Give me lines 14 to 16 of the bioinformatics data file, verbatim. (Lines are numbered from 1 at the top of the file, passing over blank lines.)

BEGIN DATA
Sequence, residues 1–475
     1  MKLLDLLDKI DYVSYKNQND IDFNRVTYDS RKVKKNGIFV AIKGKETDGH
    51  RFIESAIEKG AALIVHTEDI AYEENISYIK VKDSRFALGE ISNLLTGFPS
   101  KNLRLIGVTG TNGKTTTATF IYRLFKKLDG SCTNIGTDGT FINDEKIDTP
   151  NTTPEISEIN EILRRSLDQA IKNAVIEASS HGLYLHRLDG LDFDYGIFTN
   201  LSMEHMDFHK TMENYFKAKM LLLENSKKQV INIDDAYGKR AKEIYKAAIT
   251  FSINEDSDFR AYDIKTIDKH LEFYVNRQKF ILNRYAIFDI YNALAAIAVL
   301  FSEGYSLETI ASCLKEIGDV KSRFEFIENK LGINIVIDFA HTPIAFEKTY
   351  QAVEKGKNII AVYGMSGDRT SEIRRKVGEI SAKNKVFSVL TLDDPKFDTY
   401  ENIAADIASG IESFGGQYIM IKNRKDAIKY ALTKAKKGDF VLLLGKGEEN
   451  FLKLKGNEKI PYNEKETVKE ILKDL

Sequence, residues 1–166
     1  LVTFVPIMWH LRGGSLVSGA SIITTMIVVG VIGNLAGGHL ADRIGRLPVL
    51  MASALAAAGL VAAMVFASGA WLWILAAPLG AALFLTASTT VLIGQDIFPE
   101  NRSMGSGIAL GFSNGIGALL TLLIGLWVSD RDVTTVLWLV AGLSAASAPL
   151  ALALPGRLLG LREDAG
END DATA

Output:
    51  MASALAAAGL VAAMVFASGA WLWILAAPLG AALFLTASTT VLIGQDIFPE
   101  NRSMGSGIAL GFSNGIGALL TLLIGLWVSD RDVTTVLWLV AGLSAASAPL
   151  ALALPGRLLG LREDAG